The standard wallpaper of Windows XP is without a doubt the most distributed and most viewed photograph ever.
The name of the photo is Bliss, however Dutch users of XP may have noticed that the wallpaper is called ‘Ierland’ in their version. Understandably we have therefore come to see this as a typical Irish landscape.
You have probably never given it a second thought, but this photo has a maker. His name is Charles O’Rear, an Irish name confirming our assumption the photo is taken in Ireland.
Charles O’Rear took this picture 1996 and sold it a couple of years later to Corbis, the stock photo company owned by Microsoft. I could not find out how much he was paid for it, but I doubt if it was more than a couple of hundred dollars. Too bad for him, because had he entered a royalty-deal of one 1 cent per sold XP-license, his bank account would now show a figure of at least 4 million dollar.
However. This photo was not taken in Ireland, but in Napa Valley, California, USA, not far from O’Rear’s residence. And indeed, as it now begins to dawn on us, ignorance is bliss, O’Rear is not an Irishman, O’Rear is a born American.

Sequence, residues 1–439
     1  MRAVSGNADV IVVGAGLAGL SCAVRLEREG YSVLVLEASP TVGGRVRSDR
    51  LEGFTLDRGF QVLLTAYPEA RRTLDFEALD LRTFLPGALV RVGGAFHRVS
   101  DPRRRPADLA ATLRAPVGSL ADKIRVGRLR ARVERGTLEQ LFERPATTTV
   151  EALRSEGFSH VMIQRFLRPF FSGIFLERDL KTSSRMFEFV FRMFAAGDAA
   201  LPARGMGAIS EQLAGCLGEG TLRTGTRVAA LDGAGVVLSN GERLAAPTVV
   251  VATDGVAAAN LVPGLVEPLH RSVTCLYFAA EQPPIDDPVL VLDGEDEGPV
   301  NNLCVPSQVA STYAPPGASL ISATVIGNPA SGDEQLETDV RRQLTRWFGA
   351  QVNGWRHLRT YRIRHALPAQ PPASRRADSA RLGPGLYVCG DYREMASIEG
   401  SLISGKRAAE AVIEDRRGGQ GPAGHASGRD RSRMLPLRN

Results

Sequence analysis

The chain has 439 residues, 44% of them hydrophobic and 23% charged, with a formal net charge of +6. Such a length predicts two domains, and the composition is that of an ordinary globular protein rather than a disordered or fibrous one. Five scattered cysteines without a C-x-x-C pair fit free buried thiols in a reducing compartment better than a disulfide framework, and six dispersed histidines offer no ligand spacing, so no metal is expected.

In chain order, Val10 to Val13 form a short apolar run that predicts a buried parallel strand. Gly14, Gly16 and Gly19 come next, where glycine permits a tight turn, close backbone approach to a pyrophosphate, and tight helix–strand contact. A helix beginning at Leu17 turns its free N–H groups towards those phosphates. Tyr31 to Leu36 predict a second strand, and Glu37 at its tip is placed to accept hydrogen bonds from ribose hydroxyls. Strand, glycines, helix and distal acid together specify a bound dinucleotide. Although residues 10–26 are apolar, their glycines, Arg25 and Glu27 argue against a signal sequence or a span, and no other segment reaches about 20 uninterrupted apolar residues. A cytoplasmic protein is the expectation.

Once I found that out, I became curious about what we are really looking at in this picture and what they photographer had seen. My idyllic idea about this place was that he could have pointed his camera in any direction and still get the same picture. I have lived in the west of Ireland for two years myself and where I lived this actually was the case – except maybe for the fact that the skies were grey more often than blue.
But this illusion was shattered too. In the first place by the picture below, made by the artist collective Goldin+Senneby in January of 2006, form the exacgt same point of view as O’Rear. Not only the weather conditions were quite different from the original photo. The soil had been cutivated and was turned into a vineyard. Quite appropriate, considering that O’Rear made his living primarily out of photobooks on wine.
That left me with one question. How does the rest of the scenery in this place actually look? What do we see left and right of the photographer, and behind him?
Google Streetview brings us the answers. Below are four pictures taken by Nine Eyes, the camera on top of the Google cars that collect streetviews. This camera rises high above the care, giving a total different angle of the scenery in front of us. And the rest of the scenery is, well, less blissful than I thought it would be.
By the way, the coordinates of this place are 38.248966, -122.410269. In case you ant to have a look for yourself.
Update August 29: turns out the photographer actually did earn a nice sum with the photo. Read all about it on NapaValleyRegister.com.